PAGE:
Ponder these questions:
1. Do you prefer one-on-one conversations over group activities?
2. Do you like to express yourself in writing?
3. Do you tend to think before you speak?
If you answered yes to all of these questions, you just might be an introvert. Maybe you already suspected this. Maybe you know it but have spent a lifetime trying to pretend you're more extroverted than you actually feel.
Why would you do that? Maybe it's because North American society dramatically undervalues introverts and as you traversed from elementary school to college to your first job, you might have learned that your introverted tendencies were something you needed to hide, fix or deny.
I've always known I'm an introvert but thanks to Quiet: The Power of Introverts in A World That Can't Stop Talking by Susan Cain, a New York Times bestseller, I now have a better understanding of what that actually means. Many people assume that introverts are shy, withdrawn and even antisocial while extroverts are loud, friendly and gregarious. While these things may be true of some people, the truth is more complex.
For example, one of the main differences between introverts and extroverts is simply that extroverts can handle more sensory stimulation. Loud music, roller-coasters, crowded streets or an animated group discussion don't bother the extrovert and in fact, they energize him. If an introvert is exposed to these same things, she is thrown off-balance and, after a period of time, she feels over-stimulated, begins to shut down and is desperate to escape to quiet surroundings.
Consider public speaking. Most introverts are terrified of speaking in public and experience a variety of mental and physical reactions to it. These include sleepless nights, elevated heart rate, excessive sweating, shaking, vomiting and even fainting on the way to the podium. But, because so many careers require public speaking, many have trained themselves to do it by only accepting engagements on topics where they have expertise, spending weeks planning, and practicing breathing exercises, etc. beforehand. When it's over, even if it was a huge success, the introvert is completely depleted and needs to immediately retreat to solitude to recover. While extroverts may also get butterflies before giving a speech, they don't put so much pressure on themselves to succeed, spend less time planning, wing it more. If the speech is a success and the audience is pleased, the extrovert feeds off that and sticks around for the backslapping.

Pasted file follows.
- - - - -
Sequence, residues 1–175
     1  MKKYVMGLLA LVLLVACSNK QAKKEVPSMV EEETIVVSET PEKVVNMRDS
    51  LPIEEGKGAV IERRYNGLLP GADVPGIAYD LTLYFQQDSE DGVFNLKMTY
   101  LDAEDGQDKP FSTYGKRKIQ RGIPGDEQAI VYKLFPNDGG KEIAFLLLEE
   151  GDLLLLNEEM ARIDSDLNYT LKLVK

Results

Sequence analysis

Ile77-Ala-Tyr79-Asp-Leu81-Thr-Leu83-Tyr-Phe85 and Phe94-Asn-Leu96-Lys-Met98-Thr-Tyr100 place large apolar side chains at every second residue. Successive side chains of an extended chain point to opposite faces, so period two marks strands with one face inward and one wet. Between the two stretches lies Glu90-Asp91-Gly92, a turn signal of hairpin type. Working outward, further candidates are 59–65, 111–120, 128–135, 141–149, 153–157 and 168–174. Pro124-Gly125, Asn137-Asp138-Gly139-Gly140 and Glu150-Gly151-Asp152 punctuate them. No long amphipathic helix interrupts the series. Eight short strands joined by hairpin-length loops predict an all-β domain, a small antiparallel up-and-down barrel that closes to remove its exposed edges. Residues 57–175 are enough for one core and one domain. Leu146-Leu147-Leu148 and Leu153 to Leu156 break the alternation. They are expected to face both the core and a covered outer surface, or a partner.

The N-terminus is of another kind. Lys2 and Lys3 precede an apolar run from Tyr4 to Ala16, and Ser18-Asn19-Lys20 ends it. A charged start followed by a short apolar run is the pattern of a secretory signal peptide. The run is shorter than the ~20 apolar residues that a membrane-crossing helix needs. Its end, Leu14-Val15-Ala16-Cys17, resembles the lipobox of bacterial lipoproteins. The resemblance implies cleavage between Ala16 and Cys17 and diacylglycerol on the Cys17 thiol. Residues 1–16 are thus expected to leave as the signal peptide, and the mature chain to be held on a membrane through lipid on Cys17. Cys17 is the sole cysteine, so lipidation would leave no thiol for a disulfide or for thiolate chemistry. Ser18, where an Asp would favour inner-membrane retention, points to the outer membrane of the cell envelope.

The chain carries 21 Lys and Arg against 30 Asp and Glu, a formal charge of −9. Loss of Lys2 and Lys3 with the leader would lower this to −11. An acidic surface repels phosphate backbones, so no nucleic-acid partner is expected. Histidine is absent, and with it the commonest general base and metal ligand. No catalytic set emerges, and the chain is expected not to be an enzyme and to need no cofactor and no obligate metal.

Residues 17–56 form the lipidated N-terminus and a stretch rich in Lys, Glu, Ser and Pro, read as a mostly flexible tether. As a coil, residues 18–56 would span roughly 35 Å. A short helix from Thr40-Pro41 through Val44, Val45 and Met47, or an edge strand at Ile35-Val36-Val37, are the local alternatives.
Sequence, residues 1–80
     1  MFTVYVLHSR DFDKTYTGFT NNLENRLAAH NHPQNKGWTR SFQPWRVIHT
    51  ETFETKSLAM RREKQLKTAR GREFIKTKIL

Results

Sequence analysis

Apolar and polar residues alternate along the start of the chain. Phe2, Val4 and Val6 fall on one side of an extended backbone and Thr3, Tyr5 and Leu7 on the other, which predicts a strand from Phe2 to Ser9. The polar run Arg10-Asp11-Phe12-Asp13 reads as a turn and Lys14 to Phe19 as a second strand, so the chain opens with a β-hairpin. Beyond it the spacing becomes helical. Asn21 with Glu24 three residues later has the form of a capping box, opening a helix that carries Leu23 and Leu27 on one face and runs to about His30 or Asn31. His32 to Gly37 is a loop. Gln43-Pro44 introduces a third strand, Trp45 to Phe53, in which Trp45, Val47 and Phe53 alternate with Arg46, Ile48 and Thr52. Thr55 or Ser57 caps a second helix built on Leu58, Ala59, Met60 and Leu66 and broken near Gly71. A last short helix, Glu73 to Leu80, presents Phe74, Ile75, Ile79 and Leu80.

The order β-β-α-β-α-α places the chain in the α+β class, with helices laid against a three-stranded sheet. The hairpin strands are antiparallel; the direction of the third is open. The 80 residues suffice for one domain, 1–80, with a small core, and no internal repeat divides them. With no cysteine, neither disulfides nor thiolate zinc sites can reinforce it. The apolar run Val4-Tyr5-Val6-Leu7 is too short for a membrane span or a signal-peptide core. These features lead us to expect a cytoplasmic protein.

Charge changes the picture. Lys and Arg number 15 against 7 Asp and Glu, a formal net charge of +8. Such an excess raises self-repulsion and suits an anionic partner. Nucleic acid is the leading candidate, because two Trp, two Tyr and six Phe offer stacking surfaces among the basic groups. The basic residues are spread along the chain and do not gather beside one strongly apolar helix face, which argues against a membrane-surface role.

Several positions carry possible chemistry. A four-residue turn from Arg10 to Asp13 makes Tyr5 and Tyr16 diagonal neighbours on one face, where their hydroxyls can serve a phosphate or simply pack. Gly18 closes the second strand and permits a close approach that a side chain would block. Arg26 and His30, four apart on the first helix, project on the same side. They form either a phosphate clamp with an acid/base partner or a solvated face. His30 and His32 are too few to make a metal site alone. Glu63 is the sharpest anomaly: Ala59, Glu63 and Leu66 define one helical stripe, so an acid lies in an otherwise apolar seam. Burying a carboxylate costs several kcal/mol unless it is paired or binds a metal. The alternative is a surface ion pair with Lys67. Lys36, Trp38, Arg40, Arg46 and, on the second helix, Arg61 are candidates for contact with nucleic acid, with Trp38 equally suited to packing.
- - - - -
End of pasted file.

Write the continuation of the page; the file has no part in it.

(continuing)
One of Cain's most interesting claims is the notion that extroverts react while introverts inspect. If an introvert and an extrovert both go to the same sales pitch, the extrovert is more likely to react instantly to what is being shared, to be wowed by high-pressure tactics and to be excited about the possibilities. Inherently suspicious, the introvert will probably experience none of these things. He'll need to go back to the office, think about what he heard, digest it, maybe do his own research and then come back with a host of questions.
When the extroverted tendency to jump in and see what happens is combined with the introverted need to inquire and make informed decisions, great things can happen. Business partnerships, boards and senior management teams which value and include an equal distribution of both dispositions, have the perfect combination of fearlessness and risk aversion.
But this rarely happens. Because our society values speaking up, sharing your opinion and excelling at teamwork, introverts rarely make it to the top and when they do, their cautious approach to change is often viewed as a hindrance. Introverts dislike teamwork even though, fastidious about details, they often do the bulk of the work and demand little of the glory. They are also less interested in wealth, fame and status than extroverts, which knocks many of them off the corporate ladder early on.
Cain believes that we live in a culture which admires risk-takers but a time which needs more heed-takers. Some people have gone so far as to blame the 2008 economic meltdown on a lack of introverts in high finance, positing that, if only there had been more cautious, quiet, inquisitive people at the top, it never would have happened. I'm not sure if that's true. Perhaps they were there and no one listened. Perhaps they don't have the chutzpah to make it in such a high-octane business and so there's a dearth of them at the top.
Reading the book has been therapeutic for me in the sense that I feel more comfortable with my introversion and realize that there's nothing wrong with my preference for working in solitude and my desire to always leave parties early, if I go at all. As the parent of a classic introvert, I'm also determined to let him be who he is and resist the temptation to "bring him out of his shell".
If you think you might be an introvert, you can take Susan Cain's quiz here You might just be surprised.
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